Originally posted by bikertwin
In the same vein, Aperture was designed for photographers. Not photo illustrators, not printing/production, not painters. It's for photographers.
And it hits the bulls eye beautifully!
Actually I know a lot of painters and other visual artists (excluding photographers who we already assume will be interested in this) will be VERY interested in this. All visual artists as part of their job description have to be photographers as well, whether you make paintings, drawings, sculpture, installations you have to have great photographs of your work in order for it to be seen. Anything you apply for, a grant a juried exhibition, or your first intro to a gallery you're courting depends very much on your slides or photographs of your work.
About a year and a half ago, I invested quite a bit of money in a good digital camera so that I could get rid of my dependency on slides. For this situations where I need actual slides because someplace I'm working with hasn't caught up with the technology I can have slides made from digitals. (Which seems expensive at 9-10 ten bucks per slide, but if I use those as your master slides it works out and then make $1 copies for the actual send out, I actually save money on film and processing, not having to take three rolls of slide film just to get five images I can use.)
More on to my point. Having the right photograph to represent an object is very important, so that means often taking dozens of shots just for one object. Those dozens add up pretty quickly. And although iPhoto (in tandem with Photoshop Elements for most editing) in its way of being able to cross reference and sort things in tons of different ways with dates, keywords and ratings, Aperture seems like a godsend. I was making a list of feature requests for iPhoto to send to Apple, because although I knew there were other solutions (usually more expensive) I didn't like how those other solutions worked. So my best bet was to hope iPhoto built on top of its (limited) good thing. But here they go and introduce Aperture with all my wanted features and some that hadn't occurred to me but I see as being essential in making this a real professional app (Loupe, and side by side comparison, zooming on multiple images, working directly from RAW and keeping a copy of the digital negative, and modifications are simply instructions on how to modify, not saved multiples of essentially the same image.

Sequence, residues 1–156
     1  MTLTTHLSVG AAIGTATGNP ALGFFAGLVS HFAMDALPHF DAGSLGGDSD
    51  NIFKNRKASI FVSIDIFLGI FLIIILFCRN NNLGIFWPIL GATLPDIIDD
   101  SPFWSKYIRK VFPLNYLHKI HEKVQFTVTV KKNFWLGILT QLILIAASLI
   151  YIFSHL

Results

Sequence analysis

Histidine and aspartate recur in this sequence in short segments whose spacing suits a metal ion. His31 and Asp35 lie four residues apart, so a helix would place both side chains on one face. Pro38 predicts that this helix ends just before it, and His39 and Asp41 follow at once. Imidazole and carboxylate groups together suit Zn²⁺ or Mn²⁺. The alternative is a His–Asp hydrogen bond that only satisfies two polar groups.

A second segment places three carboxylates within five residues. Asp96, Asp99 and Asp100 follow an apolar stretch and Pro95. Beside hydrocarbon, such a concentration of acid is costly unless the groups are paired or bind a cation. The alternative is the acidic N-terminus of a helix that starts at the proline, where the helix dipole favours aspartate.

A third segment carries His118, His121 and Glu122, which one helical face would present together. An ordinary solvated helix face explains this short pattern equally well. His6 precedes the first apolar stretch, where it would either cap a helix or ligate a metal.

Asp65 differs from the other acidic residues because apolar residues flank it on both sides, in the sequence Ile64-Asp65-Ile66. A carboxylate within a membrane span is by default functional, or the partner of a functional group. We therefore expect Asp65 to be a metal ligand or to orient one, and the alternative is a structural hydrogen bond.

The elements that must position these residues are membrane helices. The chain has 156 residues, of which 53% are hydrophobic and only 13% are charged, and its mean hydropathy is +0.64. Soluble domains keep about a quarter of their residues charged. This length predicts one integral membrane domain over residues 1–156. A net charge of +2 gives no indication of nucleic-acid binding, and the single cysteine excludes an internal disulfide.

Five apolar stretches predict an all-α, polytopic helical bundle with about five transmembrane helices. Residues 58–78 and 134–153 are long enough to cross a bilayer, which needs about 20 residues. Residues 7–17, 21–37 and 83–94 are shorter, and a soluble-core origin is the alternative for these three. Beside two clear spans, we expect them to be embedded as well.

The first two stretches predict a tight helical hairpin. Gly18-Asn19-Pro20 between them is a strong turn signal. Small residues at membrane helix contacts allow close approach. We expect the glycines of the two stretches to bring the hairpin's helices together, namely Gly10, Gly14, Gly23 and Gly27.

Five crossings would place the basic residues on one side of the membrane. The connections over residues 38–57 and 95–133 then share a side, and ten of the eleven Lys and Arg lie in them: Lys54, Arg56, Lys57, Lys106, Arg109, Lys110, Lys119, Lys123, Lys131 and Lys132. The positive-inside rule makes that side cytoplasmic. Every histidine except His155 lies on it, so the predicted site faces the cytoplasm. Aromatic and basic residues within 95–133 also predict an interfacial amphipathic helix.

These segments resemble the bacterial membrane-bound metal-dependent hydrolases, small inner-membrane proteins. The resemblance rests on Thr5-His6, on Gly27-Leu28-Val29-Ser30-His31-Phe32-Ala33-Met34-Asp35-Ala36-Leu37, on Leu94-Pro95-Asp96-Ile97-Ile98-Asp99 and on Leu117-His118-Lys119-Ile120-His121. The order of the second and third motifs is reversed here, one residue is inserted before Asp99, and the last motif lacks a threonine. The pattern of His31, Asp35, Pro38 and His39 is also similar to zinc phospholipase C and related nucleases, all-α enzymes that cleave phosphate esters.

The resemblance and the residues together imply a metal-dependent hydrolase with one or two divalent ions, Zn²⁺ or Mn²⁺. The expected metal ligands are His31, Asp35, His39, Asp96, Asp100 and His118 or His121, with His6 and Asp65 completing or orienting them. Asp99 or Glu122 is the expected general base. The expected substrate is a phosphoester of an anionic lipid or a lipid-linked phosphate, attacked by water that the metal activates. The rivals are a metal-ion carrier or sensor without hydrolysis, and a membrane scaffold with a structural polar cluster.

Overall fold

Being able to more easily work with RAW to set white balance (which is VERY important in work with lots of white or light colors close to white). Because of RAW slowness I'd usually just capture in JPEG and take my chances in hoping I'd get the right white balance, which is sometime precarious, even using custom white balance on my camera. This is like I said a godsend, having all the features to work with photos that I wanted, and all the features I never knew I needed, but seem essential to me. There is probably nothing in Aperture that I can't use to my advantage, the things getting the least use from me are the web galleries. Depending on how flexible and customizable it is I could use it to build certain pages for my website, but most of that I'll still do by hand. The books on the other hand will be great. I have been wanting to put a couple books together of my work and use iPhoto, but I'll wait and use this in Aperture.
And the biggest struggle having so many pictures is the amount of time to compare and sort through and organize everything. This seems to be the most intuitive and straightforward solution possible now and for the foreseeable future. I expect the time it takes me to do all my documenting of my work to be SIGNIFICANTLY decreased.
This will definitely hasten my purchase of a Powermac, which I've been preparing and saving for for a couple years. The things I do in Photoshop and most visual artists (excluding those working in digital mediums) use photoshop for are exactly the things that Aperture does and appear to do it so well. Most of the things that Photoshop has to offer don't do me any good personally. They're great features if you need them, but there's not much use for them in my line, aside from levels, color balancing and sharpening, noise reduction.
Now the price is pretty high, especially considering most of us don't have a machine that this will run well on, but I just happened to be in the market for a new Powermac anyway to speed up the sort of tedious flow of sorting and organizing in iPhoto, waiting for Photoshop to load the huge files, editing, and waiting for the files to be saved again. So just speeding up that would have been nice, but most of the wait time of opening and closing with Aperture looks like it will be eliminated, and then sorting and comparing will be a totally different experience.
But if you look at it this way, I'll have a $100 copy of Photoshop Elements which I'll probably use on VERY rare occasions mostly to square off images accidently shot not head-on and then I have Aperture for $500 to do all the 95% of the others things I need to do for the same price as a full version of Photoshop. Which I still have 85-90% of the functionality of Photoshop in Photoshop Elements PLUS all the things Aperture does. Not a bad deal from where I stand
So this is for photographers AND all of those people who have to be a part time photographer as part of their job description.